- This 6.8-mile hike features a fairly flat walk that winds along the river and offers spectacular views of additional smaller waterfalls along the way. The Tumalo Creek Trail is open to pedestrians and mountain bikers, so keep an eye out for bikers passing by. Again, it’ll cost $5 to park here.
- Lava Butte
- This short interpretive trail in the Newberry National Volcanic Monument will give you an educational glimpse into the geology of the Cascades and much of the Pacific Northwest. If you’re looking for an easier hike that offers beautiful views, the short trek to the top of Lava Butte is a good choice. It’s just 1.75 miles each way. At the top there is a 1/4 mile trail around the rim of the volcano with educational signs along the way, offering 360-degree views and an active fire tower.
- Deschutes River Trail
- If you’re limited on time but still want to take a stroll outdoors, I’d recommend the Deschutes River Trail, located from Farewell Bend Park to McKay Park and the Bend Whitewater Park. Three footbridges connect trails across the river, providing convenient loops for walking, cycling, and more. The trails are great for children on bikes as the trail is wide, paved, and relatively flat with no car traffic.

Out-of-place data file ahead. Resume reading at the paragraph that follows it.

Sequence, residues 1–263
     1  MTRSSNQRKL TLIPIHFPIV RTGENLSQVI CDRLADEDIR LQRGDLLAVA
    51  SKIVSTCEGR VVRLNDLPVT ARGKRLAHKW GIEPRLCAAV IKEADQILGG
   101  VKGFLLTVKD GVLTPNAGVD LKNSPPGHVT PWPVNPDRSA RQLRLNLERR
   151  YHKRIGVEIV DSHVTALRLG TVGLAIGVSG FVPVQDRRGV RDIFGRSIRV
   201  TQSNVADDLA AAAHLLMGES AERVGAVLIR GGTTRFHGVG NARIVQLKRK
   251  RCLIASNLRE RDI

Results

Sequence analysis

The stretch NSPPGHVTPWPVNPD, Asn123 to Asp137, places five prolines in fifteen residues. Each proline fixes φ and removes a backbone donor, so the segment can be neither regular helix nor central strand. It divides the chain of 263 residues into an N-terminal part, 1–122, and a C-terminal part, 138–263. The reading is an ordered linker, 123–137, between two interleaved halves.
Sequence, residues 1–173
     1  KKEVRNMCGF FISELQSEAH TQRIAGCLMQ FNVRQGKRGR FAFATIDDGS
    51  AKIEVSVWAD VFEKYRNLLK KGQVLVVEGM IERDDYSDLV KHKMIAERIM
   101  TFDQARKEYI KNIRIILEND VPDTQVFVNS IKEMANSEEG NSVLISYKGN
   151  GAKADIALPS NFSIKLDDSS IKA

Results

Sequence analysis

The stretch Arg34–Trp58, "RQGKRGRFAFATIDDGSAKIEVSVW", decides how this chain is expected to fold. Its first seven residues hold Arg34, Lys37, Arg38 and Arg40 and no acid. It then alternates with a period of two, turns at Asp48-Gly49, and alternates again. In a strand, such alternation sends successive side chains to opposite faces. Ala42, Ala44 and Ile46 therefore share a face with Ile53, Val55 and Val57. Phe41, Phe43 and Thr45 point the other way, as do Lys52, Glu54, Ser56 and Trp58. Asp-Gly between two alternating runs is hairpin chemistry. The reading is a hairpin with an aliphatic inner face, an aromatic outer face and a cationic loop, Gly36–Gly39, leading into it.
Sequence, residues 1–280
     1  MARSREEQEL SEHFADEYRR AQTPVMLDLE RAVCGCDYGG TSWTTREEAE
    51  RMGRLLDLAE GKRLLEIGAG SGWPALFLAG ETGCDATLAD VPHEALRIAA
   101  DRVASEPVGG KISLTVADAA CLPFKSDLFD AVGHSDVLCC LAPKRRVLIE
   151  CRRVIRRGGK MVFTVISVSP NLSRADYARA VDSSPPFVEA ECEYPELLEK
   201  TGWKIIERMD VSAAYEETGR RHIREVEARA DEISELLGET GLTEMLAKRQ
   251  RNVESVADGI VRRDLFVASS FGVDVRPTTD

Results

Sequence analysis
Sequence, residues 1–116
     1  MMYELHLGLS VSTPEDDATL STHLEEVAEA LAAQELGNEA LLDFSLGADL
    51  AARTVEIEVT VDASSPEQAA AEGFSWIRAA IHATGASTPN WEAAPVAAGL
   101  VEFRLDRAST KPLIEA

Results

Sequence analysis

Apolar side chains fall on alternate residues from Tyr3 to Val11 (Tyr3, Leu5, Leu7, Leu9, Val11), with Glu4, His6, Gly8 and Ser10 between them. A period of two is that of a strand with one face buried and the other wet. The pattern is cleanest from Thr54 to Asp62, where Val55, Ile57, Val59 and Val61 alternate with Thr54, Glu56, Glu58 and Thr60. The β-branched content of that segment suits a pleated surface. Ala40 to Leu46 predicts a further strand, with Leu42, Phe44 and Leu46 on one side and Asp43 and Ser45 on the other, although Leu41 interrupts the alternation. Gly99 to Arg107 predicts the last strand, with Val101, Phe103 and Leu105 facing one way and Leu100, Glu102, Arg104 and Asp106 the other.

VISIT SUNRIVER AND SISTERS
Sunriver is a neighboring town located south of Bend on the Deschutes River. It serves as Central Oregon’s premiere retreat, resort, and residential community. Aside from luxury condos and river-view lodges with unforgettable spas, you can also find world-class golfing, 35+ miles of paved biking trails, horseback riding, and family fun at a waterpark. There’s an awesome shopping/dining area called The Village at Sunriver where you can shop and eat tax-free! In the wintertime, they have ice skating here as well. If you’re looking to try more craft beer, don’t miss Sunriver Brewing.
Sisters is a charming Western-themed town with a vibrant creative culture. These Western-style buildings are home to art galleries, restaurants, coffee shops, and bakeries. Sisters is also home to some notable festivals including the Sisters Folk Festival, Antiques in the Park, and the Sisters Festival of Books. Looking to buy a cowboy hat and boots to fit the part? Get them here! After you’re done enjoying the charm of this little town, go cycling or mountain biking on one of the many trail options including two Oregon Scenic Bikeways. Golfing is big here as well.
When in Oregon, you can’t pass up the opportunity to shop tax-free! There are several popular shopping areas in Bend including the Bend Factory Outlet Stores, the Old Mill District, The Box Factory, as well as at various stores in Downtown Bend. It’s especially fun to shop in Downtown Bend in the summer when the Downtown Bend First Friday Art Walk event takes place (first Friday of every month). If you haven’t gotten your fill of shopping, head to The Village at Sunriver for even more shopping.
Some of my favorite stores in Bend include Merryweather (beautiful home decor and lifestyle shop) and The Gear Fix (specializing in used outdoor clothing and gear). Both of these are located in The Box Factory so check them out when you get a chance!
GO RIVER FLOATING